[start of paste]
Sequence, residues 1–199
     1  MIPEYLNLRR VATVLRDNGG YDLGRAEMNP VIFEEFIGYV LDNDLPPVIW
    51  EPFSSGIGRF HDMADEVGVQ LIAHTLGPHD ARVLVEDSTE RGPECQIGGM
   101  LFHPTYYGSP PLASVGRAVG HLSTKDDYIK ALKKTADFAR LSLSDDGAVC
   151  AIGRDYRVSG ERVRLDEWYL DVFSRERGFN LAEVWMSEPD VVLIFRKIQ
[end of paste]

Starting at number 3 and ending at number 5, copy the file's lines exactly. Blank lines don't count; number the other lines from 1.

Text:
    51  EPFSSGIGRF HDMADEVGVQ LIAHTLGPHD ARVLVEDSTE RGPECQIGGM
   101  LFHPTYYGSP PLASVGRAVG HLSTKDDYIK ALKKTADFAR LSLSDDGAVC
   151  AIGRDYRVSG ERVRLDEWYL DVFSRERGFN LAEVWMSEPD VVLIFRKIQ